3. White (#ffffff)
      4. White (#ffffff)
    17. Z threaded tablet
      1. Japanese Laurel (#009900)
      2. Japanese Laurel (#009900)
      3. Japanese Laurel (#009900)
      4. Japanese Laurel (#009900)
    18. S threaded tablet
      1. Blue (#0000ff)
      2. Blue (#0000ff)
      3. Blue (#0000ff)
      4. Blue (#0000ff)

  • Turning:

    1. 3F 4B 11F
    2. 3F 4B 11F
    3. 3F 4B 11F
    4. 3F 4B 11F
    5. 3F 8B 7F
    6. 3F 8B 7F
    7. 3F 8B 7F
    8. 3F 8B 7F
    9. 7F 8B 3F
    10. 7F 8B 3F
    11. 7F 8B 3F
    12. 7F 8B 3F
    13. 3F 4B 4F 4B 3F
    14. 3F 4B 4F 4B 3F
    15. 3F 4B 4F 4B 3F
    16. 3F 4B 4F 4B 3F
    17. 3F 8B 7F
    18. 3F 8B 7F
    19. 3F 8B 7F
    20. 3F 8B 7F
    21. 7F 8B 3F
    22. 7F 8B 3F
    23. 7F 8B 3F
    24. 7F 8B 3F
    25. 11F 4B 3F
    26. 11F 4B 3F
    27. 11F 4B 3F
    28. 11F 4B 3F
    29. 3F 8B 7F
    30. 3F 8B 7F
    31. 3F 8B 7F
    32. 3F 8B 7F
    33. 3F 4B 11F
    34. 3F 4B 11F
    35. 3F 4B 11F
    36. 3F 4B 11F
    37. 11F 4B 3F
    38. 11F 4B 3F
    39. 11F 4B 3F
    40. 11F 4B 3F
    41. 7F 4B 7F
    42. 7F 4B 7F
    43. 7F 4B 7F
    44. 7F 4B 7F
    45. 3F 4B 11F
    46. 3F 4B 11F
    47. 3F 4B 11F
    48. 3F 4B 11F
    49. 11F 4B 3F
    50. 11F 4B 3F
    51. 11F 4B 3F
    52. 11F 4B 3F
    53. 7F 8B 3F
    54. 7F 8B 3F
    55. 7F 8B 3F
    56. 7F 8B 3F
As with all of the free drafts/ patterns on this site, you are welcome to weave them, sell bands woven using them, and use them to teach other weavers, just as long as you state where you found them.

Sunday, 18 July 2021

New Link for Tablet Weaving Draft Designer!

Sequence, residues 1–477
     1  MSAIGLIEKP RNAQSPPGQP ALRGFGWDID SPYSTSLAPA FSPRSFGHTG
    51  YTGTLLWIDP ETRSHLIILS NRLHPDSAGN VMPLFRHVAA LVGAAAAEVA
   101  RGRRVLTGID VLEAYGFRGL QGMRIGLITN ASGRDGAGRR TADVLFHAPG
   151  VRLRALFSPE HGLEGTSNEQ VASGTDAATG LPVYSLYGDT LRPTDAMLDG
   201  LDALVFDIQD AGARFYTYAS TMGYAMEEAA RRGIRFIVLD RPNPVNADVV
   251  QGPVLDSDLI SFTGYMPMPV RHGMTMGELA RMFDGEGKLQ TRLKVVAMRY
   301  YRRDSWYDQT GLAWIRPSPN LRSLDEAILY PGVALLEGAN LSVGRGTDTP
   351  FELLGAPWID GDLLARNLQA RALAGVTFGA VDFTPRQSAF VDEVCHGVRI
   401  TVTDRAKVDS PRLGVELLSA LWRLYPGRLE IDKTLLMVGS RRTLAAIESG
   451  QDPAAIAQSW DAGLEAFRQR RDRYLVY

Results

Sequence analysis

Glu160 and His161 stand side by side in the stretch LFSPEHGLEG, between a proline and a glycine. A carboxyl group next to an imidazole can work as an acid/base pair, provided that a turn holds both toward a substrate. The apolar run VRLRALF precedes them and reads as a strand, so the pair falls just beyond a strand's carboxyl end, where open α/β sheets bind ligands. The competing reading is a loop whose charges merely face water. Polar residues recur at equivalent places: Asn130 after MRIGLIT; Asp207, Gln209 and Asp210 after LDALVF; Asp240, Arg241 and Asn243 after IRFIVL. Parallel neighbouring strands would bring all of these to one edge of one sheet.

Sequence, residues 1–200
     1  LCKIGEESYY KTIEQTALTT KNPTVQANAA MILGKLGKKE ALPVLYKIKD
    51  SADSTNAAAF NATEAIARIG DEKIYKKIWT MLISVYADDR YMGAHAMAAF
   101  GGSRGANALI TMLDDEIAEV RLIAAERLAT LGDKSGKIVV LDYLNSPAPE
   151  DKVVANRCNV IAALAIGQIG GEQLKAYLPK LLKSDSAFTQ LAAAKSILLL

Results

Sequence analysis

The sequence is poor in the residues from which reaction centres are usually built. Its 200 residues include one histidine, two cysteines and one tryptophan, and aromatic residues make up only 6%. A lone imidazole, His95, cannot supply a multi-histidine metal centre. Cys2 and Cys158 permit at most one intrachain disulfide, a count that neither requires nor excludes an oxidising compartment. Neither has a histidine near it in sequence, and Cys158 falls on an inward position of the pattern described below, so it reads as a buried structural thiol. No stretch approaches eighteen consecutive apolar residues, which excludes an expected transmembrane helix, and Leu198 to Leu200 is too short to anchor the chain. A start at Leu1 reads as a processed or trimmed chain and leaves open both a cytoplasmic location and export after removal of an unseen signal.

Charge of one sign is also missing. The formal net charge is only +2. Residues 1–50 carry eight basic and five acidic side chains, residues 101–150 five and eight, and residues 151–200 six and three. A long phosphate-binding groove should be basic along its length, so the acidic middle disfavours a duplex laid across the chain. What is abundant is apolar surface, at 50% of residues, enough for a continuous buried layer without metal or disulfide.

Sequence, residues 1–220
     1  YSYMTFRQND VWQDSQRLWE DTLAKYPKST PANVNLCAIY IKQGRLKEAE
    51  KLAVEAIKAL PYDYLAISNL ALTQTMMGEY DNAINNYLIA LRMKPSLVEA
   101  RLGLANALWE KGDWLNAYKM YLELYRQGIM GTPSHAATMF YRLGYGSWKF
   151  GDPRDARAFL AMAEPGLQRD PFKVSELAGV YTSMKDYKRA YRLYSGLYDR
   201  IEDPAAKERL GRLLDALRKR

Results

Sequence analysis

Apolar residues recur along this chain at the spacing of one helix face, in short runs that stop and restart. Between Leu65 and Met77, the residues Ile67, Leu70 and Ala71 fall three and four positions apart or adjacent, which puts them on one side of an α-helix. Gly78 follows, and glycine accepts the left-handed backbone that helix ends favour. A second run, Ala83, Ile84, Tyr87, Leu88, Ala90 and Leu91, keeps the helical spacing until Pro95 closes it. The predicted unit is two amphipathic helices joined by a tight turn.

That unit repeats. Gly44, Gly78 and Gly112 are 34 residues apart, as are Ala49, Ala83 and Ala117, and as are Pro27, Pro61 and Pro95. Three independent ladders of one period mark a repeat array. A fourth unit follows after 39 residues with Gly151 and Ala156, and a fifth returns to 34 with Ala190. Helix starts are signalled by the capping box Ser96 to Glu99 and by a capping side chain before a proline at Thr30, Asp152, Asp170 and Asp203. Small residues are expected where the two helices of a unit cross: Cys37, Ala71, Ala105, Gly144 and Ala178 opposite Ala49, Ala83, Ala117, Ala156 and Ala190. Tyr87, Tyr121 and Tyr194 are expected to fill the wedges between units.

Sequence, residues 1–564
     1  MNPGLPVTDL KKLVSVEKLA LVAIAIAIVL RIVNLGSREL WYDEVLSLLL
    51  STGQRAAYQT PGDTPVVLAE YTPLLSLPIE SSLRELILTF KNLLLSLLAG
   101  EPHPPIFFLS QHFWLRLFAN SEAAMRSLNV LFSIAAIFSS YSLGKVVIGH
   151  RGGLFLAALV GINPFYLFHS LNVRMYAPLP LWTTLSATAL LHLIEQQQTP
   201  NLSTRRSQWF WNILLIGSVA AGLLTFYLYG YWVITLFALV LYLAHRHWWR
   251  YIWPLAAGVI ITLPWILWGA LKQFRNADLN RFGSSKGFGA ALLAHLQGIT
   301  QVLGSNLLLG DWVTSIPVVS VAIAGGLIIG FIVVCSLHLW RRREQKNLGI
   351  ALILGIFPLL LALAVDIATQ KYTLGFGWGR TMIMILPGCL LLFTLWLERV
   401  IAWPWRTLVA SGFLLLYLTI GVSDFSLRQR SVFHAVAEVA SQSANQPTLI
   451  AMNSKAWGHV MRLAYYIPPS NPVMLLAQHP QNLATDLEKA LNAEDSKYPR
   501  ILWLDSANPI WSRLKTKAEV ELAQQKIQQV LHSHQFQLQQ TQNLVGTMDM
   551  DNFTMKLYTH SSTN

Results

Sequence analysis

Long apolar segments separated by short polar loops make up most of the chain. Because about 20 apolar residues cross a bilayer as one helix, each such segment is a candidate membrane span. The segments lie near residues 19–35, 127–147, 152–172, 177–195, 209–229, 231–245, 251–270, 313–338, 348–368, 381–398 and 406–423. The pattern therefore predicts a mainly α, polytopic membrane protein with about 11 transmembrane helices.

If you can't currently access TDD or you're getting a 404 error, it may be because the link to it has changed! 

You can now find it at https://jamespbarrett.github.io/tabletweave/ If you usually use http://bazzalisk.org/tabletweave/ it will now redirect to the new address rather than the old address.

Gecko

A tablet woven band with green edges and a green gecko and foliage motif on a purple background, draped across a hibiscus bush


When I was planning this band, I wanted to play around with some things I don't normally do, namely an asymmetrical animal motif, woven with a light motif line on a dark background, rather than the other way around. I also had some new yarn I was excited to try out.

The yarns I used for this band are from Mothy and the Squid in the colourways Intense Iris and Lime Sorbet, both in her platinum merino/nylon blend sock yarn base. I really enjoyed weaving with this yarn and have plans to use it again in the future. It's really soft to the touch, which made me a little worried, as I've had trouble with soft yarns fraying and falling apart during weaving in the past, but it stood up to the friction of tablet weaving really well. Not a single damaged thread. I suspect this is partly because of the nylon in the blend, partly because of the high twist and number of plies, and partly because it's just a high quality yarn. Another thing that impressed me was that it didn't bleed in the slightest when I soaked it overnight as part of wet finishing. The Intense Iris is so saturated and, well, intense that I was expecting a little bleeding, but there wasn't even a hint. I also have two skeins of the Mothy and the Squid luxury merino/silk/cashmere blend base (which I had to put away in a drawer because I couldn't stop stroking them), but I wouldn't recommend them for tablet weaving. They're softly spun to highlight the fibres and improve the drape and there would be too much friction on them as the threads move past each other. I'm planning to use the two of them for a colour work knitted cowl some time in the future.